A New Zealander wanted for his role in an international money-laundering and investment scam that cheated hundreds of investors in this country and overseas is believed to be hiding in the Middle East.

Wayne Leslie Davidson, 63, was the New Zealand connection in a US-based, four-man money-laundering and investment fraud involving the sale of bogus railroad bonds and "obscure" pre-revolution Chinese Government bonds, United States prosecutors say.

The scam ran for about five years to 2003, catching 400 New Zealanders, 50 Australians and 25 Americans.

Losses to investors totalled US$4 million ($6.2 million).

Davidson is the only remaining fugitive after two accomplices - Steven Fishman, 59, of California, and Joseph Thornburgh, 61, of Oklahoma - were convicted in Oklahoma last week.

A fourth accused - Robert Searles, 71, of Tennessee - pleaded guilty to conspiracy to commit money-laundering in April.

Investors - many described by prosecutors as "sheepfarmers in New Zealand" - were told the bonds were risk-free and had astronomical values.

The railroad bonds were claimed to be backed by the US Government and rail company Amtrak, and included bonds issued by the Galveston, Houston, and Henderson Railroad - which raised funds to start building tracks in 1853. The company folded in the 1870s.

The men claimed the bonds could be used to obtain lines of credit from European banks, which could then be used in high-yield investment programmes to reap millions of dollars. The bonds were in fact worth no more than their value as collectors' items.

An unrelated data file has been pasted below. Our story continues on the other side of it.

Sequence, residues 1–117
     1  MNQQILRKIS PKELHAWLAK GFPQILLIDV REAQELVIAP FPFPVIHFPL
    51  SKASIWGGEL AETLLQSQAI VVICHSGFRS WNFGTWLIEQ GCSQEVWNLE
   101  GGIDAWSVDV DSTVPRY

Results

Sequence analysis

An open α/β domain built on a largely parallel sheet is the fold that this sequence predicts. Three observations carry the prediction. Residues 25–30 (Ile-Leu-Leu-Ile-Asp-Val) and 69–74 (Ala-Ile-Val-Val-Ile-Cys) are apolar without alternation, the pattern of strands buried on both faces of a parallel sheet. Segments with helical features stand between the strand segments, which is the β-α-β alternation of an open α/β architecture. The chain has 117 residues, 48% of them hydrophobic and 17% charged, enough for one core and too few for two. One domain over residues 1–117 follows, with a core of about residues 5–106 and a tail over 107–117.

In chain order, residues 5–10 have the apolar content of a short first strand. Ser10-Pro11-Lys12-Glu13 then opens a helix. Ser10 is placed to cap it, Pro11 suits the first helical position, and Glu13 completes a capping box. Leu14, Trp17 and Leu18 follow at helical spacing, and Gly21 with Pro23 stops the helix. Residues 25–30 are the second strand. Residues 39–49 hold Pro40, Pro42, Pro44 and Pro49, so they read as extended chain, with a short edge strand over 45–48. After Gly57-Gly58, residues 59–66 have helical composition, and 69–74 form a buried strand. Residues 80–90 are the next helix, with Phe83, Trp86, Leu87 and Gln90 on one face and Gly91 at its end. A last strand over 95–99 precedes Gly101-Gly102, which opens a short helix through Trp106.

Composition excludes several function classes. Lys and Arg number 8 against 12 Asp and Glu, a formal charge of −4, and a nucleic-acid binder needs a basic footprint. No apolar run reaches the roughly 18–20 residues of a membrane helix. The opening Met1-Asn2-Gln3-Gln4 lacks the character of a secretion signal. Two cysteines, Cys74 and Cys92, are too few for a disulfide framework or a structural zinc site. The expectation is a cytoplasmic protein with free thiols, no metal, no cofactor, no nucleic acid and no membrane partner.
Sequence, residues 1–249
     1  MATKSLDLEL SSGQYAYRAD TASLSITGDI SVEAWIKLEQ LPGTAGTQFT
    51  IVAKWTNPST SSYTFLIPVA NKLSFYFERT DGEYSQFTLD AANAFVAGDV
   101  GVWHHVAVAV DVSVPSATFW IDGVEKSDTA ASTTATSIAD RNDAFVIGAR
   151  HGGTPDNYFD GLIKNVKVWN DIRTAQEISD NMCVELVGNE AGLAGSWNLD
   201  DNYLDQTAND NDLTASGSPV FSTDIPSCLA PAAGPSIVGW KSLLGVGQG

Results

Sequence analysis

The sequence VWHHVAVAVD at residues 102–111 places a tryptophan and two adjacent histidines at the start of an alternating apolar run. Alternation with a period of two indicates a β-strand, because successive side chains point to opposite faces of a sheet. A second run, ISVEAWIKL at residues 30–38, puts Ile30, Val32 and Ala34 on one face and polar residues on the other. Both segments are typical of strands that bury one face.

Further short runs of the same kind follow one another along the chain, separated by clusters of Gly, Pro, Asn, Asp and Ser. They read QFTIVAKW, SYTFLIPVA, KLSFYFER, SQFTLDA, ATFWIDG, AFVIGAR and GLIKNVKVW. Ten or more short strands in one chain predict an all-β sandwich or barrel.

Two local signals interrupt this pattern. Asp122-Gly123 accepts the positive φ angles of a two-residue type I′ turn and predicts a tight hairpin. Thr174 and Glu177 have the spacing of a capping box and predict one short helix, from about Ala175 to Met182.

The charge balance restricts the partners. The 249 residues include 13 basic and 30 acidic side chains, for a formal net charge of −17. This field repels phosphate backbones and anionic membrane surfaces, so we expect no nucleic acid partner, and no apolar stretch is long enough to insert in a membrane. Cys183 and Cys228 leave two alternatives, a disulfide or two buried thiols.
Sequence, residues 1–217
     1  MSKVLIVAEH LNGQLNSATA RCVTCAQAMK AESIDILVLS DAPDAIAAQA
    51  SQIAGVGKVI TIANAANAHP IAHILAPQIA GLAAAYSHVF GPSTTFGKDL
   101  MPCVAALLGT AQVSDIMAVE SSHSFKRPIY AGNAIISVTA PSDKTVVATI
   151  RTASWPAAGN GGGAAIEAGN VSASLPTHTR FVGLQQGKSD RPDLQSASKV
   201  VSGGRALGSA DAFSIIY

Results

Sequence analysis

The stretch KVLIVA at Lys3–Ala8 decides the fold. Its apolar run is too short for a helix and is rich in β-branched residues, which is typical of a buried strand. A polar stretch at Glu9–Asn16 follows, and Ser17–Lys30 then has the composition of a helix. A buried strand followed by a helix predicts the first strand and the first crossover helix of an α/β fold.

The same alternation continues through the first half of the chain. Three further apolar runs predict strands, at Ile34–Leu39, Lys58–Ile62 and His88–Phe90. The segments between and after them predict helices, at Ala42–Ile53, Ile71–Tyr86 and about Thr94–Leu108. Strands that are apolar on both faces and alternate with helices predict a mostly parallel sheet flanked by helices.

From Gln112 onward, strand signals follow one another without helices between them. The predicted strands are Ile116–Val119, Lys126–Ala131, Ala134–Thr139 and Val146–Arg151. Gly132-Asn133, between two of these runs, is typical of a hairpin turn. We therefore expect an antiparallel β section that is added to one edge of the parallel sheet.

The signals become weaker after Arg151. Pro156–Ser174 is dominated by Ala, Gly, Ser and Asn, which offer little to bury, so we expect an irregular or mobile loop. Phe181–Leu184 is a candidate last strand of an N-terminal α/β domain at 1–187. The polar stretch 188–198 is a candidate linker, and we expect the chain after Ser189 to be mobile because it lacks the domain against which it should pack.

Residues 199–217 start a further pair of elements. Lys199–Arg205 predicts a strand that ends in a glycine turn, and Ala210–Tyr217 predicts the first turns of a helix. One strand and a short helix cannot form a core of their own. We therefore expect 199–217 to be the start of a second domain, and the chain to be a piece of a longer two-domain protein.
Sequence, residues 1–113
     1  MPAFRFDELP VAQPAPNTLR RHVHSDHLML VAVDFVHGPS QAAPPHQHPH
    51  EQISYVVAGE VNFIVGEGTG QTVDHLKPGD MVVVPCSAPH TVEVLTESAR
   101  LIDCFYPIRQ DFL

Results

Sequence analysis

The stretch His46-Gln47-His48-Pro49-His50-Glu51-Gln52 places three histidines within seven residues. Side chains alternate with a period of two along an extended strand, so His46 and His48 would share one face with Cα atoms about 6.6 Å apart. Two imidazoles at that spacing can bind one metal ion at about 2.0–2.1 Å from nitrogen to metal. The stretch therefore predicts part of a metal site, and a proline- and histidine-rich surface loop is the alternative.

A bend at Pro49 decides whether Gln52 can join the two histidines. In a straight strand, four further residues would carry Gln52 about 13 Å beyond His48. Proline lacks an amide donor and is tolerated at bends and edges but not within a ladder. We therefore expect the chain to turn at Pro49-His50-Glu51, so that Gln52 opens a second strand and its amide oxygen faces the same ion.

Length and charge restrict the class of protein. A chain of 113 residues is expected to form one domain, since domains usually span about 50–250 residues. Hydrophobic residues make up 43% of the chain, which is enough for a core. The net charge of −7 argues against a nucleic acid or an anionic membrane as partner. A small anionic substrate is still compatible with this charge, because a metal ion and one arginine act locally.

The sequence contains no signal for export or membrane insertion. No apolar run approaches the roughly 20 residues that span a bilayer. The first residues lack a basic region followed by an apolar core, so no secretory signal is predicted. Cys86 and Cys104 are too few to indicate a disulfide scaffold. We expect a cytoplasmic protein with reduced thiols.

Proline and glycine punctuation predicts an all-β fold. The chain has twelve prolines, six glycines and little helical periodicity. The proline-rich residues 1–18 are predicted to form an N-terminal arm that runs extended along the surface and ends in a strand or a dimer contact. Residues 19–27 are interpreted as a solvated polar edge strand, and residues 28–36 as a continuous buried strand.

Victims had invested amounts ranging from $1500 to $15000, though many invested far more, Charles McLoughlin of the US Attorney's Office in Tulsa, Oklahoma, told the Herald yesterday.

Davidson was "running around the [New Zealand] countryside having meetings with individual farmers" allegedly telling them he could solve their financial problems "in short order", Mr McLoughlin said.

Davidson is now believed to be hiding in Dubai after leading US investigators on a chase through Spain, Britain, Belgium and Nigeria.

"He has been hopscotching. I think he left New Zealand towards the end of 2002," Mr McLoughlin said.

"He went to Hong Kong ... he caused some trouble there.

"He has basically been on the run since 2002."

US authorities were "actively trying to pursue" Davidson.

Arrest warrants and Interpol "red notices" had been issued and embassy-based FBI agents were keeping an eye out for him, Mr McLoughlin said.

"We are going to pursue Mr Davidson and bring him to justice."

He believed the charges, if proven, could see the former Wanganui bankrupt imprisoned for up to 20 years.

Davidson's co-accused are due to be sentenced in the next couple of months.